In a referendum on Nov. 2, a strong majority of Bar Harbor voters chose to cap the number of vacation units at 9 percent of the town’s total number of housing units.
The 1,260-840 vote on Amendment 4 to the town’s land use ordinance came despite concerns from some owners of vacation rental units about a provision that would prevent the transfer of the units between generations.
But a spike in the units has generated concern from many residents who, in past municipal meetings, have cited a revolving door of neighbors, neighborhoods that go dark in off-season, and a decline in affordable housing due to the conversion of year-round housing to vacation rentals.
By 2020, 16.4 percent of the town’s 2,795 housing units were used as vacation rentals.
There was a 13-year period of growth in the trend between 2006 and 2019. By 2020, 16.4 percent of the town’s 2,795 housing units were used as vacation rentals. And there were 60 pending applications for such properties.
By the time of the Nov. 2 vote, Bar Harbor had 631 registered vacation rentals and 100 pending registrations.
To tackle the spike, the amendment created two new designations—VR-1 and VR-2.
VR-1 is a rental in which a Bar Harbor resident rents out a room or apartment in the house that is their permanent residence, or a detached unit on the same lot, or the resident leaves their house for some portion of the summer (for example, moving to a campground or family camp) and rents out the whole house to visitors.
VR-1 requires a minimum rental period of two nights but the amendment doesn’t cap the number of VR-1 units. Because there’s no cap, the question of transferability doesn’t apply—the unit owner can get a registration anytime as long as it’s their primary residence.
The cap and the non-transferability provision apply to the VR-2 designation, which refers to a whole-house rental in the case where the property is owned by a non-Bar Harbor resident, or a Bar Harbor resident who does not use the property in question as their primary residence.
VR-2 requires a minimum rental period of four nights and transferability is prohibited.
“Presently, the transferability matter is immaterial because there is no cap,” said the town’s planning director, Michele Gagnon. “So when property transfers, the new owner just applies and can secure a registration under their name.”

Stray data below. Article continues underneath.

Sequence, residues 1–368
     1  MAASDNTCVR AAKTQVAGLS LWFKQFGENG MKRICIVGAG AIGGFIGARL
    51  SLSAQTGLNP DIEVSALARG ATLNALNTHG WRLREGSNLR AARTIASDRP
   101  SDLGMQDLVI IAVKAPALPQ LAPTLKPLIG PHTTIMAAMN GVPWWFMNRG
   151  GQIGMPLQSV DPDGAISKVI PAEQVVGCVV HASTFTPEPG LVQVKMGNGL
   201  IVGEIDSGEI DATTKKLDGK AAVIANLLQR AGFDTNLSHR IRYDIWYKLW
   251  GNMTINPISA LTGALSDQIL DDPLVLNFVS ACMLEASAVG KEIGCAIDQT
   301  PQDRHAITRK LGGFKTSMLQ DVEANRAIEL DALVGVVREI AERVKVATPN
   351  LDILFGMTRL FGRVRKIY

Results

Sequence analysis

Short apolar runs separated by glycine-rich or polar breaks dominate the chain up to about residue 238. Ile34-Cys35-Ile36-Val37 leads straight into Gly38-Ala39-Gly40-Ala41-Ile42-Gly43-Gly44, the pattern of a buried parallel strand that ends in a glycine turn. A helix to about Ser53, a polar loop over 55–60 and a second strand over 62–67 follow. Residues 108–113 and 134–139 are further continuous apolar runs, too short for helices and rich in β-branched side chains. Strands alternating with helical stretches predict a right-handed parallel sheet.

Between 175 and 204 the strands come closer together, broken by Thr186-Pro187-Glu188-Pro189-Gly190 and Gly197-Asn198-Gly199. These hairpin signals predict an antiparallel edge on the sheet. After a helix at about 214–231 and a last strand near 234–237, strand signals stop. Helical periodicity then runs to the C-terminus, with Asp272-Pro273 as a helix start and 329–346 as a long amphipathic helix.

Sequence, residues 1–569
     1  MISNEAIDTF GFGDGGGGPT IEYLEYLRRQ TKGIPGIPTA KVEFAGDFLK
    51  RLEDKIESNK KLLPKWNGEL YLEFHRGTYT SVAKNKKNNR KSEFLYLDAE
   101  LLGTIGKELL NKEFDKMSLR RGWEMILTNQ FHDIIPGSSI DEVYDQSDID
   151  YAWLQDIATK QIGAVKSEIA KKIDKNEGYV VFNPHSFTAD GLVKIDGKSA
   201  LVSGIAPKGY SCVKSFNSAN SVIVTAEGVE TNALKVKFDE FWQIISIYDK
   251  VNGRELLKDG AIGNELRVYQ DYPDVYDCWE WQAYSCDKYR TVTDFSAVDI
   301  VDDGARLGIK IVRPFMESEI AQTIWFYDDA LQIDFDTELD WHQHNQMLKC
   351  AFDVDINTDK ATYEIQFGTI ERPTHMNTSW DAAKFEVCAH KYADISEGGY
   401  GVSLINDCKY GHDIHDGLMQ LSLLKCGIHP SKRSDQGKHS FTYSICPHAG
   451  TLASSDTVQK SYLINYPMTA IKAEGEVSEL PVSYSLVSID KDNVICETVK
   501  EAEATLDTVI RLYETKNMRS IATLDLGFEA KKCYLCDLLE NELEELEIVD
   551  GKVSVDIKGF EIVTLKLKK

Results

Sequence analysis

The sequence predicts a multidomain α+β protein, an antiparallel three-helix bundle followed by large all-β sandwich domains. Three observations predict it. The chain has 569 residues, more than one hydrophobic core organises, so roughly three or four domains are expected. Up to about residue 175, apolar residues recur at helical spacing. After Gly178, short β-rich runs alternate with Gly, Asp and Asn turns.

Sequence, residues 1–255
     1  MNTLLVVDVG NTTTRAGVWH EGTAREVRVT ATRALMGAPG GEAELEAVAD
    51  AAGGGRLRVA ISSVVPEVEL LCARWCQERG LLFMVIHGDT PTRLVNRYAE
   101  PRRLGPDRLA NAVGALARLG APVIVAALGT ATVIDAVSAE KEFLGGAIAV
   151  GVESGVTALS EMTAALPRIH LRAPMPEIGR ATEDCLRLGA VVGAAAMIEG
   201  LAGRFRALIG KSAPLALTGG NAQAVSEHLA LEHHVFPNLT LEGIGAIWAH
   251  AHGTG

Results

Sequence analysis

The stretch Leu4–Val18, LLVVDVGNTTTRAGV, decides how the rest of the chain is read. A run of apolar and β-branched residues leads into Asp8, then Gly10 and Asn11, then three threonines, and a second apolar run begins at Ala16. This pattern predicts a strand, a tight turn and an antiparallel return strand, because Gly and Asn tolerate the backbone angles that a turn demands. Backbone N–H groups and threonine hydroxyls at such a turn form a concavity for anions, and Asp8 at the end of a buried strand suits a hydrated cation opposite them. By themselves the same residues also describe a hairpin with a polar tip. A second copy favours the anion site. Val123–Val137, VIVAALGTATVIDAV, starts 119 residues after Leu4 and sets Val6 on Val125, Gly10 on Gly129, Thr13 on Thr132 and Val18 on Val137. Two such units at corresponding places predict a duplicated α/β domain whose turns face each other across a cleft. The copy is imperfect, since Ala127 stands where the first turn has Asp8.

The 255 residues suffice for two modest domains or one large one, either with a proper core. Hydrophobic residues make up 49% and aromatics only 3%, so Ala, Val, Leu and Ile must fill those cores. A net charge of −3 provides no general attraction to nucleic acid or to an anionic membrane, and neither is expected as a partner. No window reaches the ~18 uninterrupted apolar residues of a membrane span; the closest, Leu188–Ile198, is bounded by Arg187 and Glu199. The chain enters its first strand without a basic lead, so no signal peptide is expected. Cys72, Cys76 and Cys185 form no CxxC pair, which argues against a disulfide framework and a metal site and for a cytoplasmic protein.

The amendment doesn’t regulate rentals of over 30 days.
In 2020, the town had as many as 351 dwelling units that would be considered VR-2 under the new regulations, Gagnon said. That number includes units associated with owners who don’t have a Bar Harbor address in the assessor’s database, and units belonging to owners who do have Bar Harbor addresses but which may be second homes or investment properties.
The 351 VR-2 units represent 12.5 percent of all dwelling units.
Following a series of joint workshops, the town council and planning board arrived at 9 percent as an appropriate cap.
“The 9 percent number is seen as not being too low (which would keep the goal from being achievable) but not being too high (which would perpetuate the current conditions),” said Gagnon.
Going from 12.5 percent to 9 percent could happen through the expiration of current registrations and construction of new year-round units, she said.
“Once we are under the 9 percent cap, then new registrations would be issued, using a wait-list system,” she said.
At various hearings prior to the vote, some vacation-rental owners said the non-transferability provision would reduce the value of their investment. One said that because a number of vacation rentals are owned by limited liability corporations, which can be registered anonymously and which provide for business continuation agreements, it will be difficult to monitor transfers. Others said the amendment doesn’t address the affordable housing shortage and hurts Bar Harbor residents who earn money through rentals.